Personal Investment: A Business Story

“I am still learning.” – Michelangelo

I’ve been told that post-secondary education is all about learning about who you are. One can discover their strengths and weaknesses and improve upon them during the 4-year (5 ½ year for me!), 120 credit journey to the illustrious undergraduate degree. Some days the journey is comparable to tossing your family sedan (shared with your siblings) on cruise control at 55 km/h driving down a 60 km/h posted limit residential street with the seat leaned back and your arm out the window (not that cool in a 1996 forest green Ford Taurus). Other days you’ll find yourself grinding in the basement of a building at 11:30 pm calculating how many hours of sleep you’ll get if you fall asleep as soon as your head hits the pillow (never works out that way – too jacked up on XL coffees from Cookies by George), so you can be rested for your presentation at 8 am the following morning.

Anyways…on Thursday, March 29th, the University of Alberta Marketing Association (UAMA) with support from the School of Retailing, hosted the annual Marketing Wine & Cheese Mixer. Somehow I ended up being responsible for quarterbacking this event.

From Left to Right: Lindsay Walker (Director of External Relations - UAMA), Ronda Nedelec (Zag Creative Group), Sam Dean (me)

It is important to keep in mind that two of my many weaknesses include lack of organization and ability to long-term plan (I’m a strong supporter of “wingin’ it” and “what’s the worst case scenario?”). However I agreed to take this one on, thinking that I, like the NFL’s Tim Tebow, could get lucky and throw for a touchdown once in awhile.

During the days leading up to Thursday my constant fear was that no one would show up and I’d be horribly embarrassed in front of my Business school peers. This fear motivated me to spend extra time planning and making sure I had invited the right corporates and enough students to fill the room (leveraging a few friendships). Well, after forcing myself to actually sit down and get organized details started to fall into place. I was lucky enough to have significant support from the School of Retailing and a few individuals in the UAMA, which I was able to utilize when I was completely lost/confused/dummied.  The event turned out great – around 100 people showed up (40 corporates and 60 students) and everyone was happy with the keynote speech, wine, and food (heck of a spread). I was able to walk away from the evening knowing I had accomplished something in spite of my weaknesses. Getting involved in student organizations can force you to grow personally and help you out down the road. That being said, I would never make it in this world as a wedding planner.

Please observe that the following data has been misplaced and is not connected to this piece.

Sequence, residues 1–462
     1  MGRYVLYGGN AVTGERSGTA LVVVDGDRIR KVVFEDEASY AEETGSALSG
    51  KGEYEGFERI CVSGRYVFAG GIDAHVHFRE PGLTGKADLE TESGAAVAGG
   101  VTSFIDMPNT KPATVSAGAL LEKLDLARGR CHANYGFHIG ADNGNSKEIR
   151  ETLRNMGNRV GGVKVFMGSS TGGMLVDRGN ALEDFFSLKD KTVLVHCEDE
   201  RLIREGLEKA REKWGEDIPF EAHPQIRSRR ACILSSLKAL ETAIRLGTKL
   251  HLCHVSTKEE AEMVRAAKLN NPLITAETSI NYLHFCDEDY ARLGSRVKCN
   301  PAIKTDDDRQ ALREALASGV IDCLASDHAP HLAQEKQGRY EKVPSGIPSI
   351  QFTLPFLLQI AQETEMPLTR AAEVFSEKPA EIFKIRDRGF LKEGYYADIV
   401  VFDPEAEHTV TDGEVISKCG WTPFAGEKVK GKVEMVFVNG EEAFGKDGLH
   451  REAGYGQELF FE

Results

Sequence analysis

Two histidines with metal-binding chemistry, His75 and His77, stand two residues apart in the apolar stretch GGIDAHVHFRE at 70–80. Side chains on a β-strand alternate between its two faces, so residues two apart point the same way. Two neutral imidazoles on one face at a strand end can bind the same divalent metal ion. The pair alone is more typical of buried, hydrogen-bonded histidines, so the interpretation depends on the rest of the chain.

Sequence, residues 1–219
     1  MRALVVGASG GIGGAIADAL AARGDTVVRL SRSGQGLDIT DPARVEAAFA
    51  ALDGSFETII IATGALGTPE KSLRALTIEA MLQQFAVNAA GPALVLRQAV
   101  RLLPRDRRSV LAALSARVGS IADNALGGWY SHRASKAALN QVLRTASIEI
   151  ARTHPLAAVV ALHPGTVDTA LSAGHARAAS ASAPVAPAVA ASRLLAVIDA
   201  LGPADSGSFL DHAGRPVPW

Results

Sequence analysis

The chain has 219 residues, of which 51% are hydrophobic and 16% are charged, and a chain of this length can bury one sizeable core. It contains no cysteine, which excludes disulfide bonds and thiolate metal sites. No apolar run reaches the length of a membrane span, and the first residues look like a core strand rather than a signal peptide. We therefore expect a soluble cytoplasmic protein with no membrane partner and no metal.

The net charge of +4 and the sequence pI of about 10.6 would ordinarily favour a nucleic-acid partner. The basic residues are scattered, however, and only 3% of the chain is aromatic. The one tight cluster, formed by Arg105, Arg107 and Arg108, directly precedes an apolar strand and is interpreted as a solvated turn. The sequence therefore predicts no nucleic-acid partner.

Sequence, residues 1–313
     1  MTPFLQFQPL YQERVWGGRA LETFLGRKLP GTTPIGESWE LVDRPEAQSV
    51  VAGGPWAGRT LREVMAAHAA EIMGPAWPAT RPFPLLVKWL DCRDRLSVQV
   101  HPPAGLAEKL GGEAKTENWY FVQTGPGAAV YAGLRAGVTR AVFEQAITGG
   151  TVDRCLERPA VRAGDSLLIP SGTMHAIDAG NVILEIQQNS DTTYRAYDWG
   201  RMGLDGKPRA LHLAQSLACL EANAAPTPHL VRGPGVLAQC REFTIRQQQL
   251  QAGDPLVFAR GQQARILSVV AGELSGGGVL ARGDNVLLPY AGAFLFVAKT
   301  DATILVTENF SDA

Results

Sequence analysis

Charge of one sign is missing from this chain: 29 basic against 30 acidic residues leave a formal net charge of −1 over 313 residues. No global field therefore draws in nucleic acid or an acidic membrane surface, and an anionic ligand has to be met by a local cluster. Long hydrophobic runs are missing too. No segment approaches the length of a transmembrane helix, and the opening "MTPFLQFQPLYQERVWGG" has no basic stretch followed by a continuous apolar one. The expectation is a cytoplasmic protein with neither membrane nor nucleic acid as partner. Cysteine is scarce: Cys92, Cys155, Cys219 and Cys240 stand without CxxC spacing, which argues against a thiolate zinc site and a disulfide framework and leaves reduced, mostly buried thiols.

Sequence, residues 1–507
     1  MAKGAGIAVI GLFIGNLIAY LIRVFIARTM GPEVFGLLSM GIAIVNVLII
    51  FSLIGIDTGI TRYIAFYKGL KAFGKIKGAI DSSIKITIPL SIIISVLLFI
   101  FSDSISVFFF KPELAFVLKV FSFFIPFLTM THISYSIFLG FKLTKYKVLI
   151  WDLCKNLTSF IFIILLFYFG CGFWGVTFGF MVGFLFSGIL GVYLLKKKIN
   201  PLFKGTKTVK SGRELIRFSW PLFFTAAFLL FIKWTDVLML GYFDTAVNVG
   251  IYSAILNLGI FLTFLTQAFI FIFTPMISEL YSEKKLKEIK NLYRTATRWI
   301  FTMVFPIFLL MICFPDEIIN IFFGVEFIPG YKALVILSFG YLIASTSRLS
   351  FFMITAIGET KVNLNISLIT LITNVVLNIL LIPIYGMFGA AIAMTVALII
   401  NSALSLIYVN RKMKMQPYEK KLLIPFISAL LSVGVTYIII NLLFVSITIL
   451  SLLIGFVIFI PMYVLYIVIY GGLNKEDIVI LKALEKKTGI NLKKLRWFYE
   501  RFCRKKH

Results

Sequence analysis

On a completely unrelated note, I will be attending the Dean’s Welcome Night on Thursday evening. I am looking forward to meeting all of the early-admitted BCom students (hopefully finding someone to carry on the BCom Blogger legacy)… No one enjoys light refreshments and engaging conversations more than me!

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Break from Business

When the weight of the last few weeks of a semester in Business has got you down, what do you do?

Some of my peers will be at Dewey’s taking advantage of Sapporo Thursdays however I’d advise against this. You will only find yourself a few hours later in your pajamas scrolling through the New Releases section of Shaw on Demand on a Friday at 2:30 am (not speaking from experience). So, what should one do to stay in top mental and physical shape during the last haul of the Business grind?

Since research has shown that Business students who participate in Campus Recreation activities three weeks prior to finals achieve on average 24% higher on exams,* I would recommend taking advantage of all that the University of Alberta Campus Recreation has to offer!

The School of Business has a “unit” within the intramural program of Campus Recreation. Some of the activities offered in intramurals are team sports and require registration by an official unit (some do not). Intramurals are broken down into Co-Rec, Men’s and Women’s and the activities range from innertube waterpolo to competitive ice-hockey. The cost of participating in these activities is normally free or relatively inexpensive.** You can usually pick your skill level in each activity, so if you aren’t the world’s greatest triples wallyball player you should still go out and get involved! It is a great way to stay active with a structured event and you won’t get bored like you do with bicep curls/skull crushers…weird how every day is upper body day for males in Business.

In the early months of 2007 I sustained multiple concussions in the same hockey game (comparable to a young Eric Lindros). I can’t really participate in physical activities anymore or get above class average in Managerial Accounting (FIFO; gets ya every time). With all that being said, I still “participate” in Campus Recreation Intramurals. I am the Unit Manager for the BREW (Men’s Intramural Unit). I attend all of the required meetings – usually catered by Domino’s pizza – and show up to all of the activities our unit participates in. Two years ago I nominated myself to be the General Manager, President of Hockey Operations, Head Coach, and backup goaltender for the Brewistocrats, who play in Division 1 Men’s ice-hockey. Last Thursday I had to play goalie. Well, I carried the Brewistocrats to a 10-3 victory over Farmhouse Fury (Agriculture) for my first “W” as a goaltender. I faced about 5 shots and let in 3 goals…it doesn’t take a C+ in Math 113 to figure out how many shots I saved. A win is a win though. Currently up for Unit Manager of the Year!***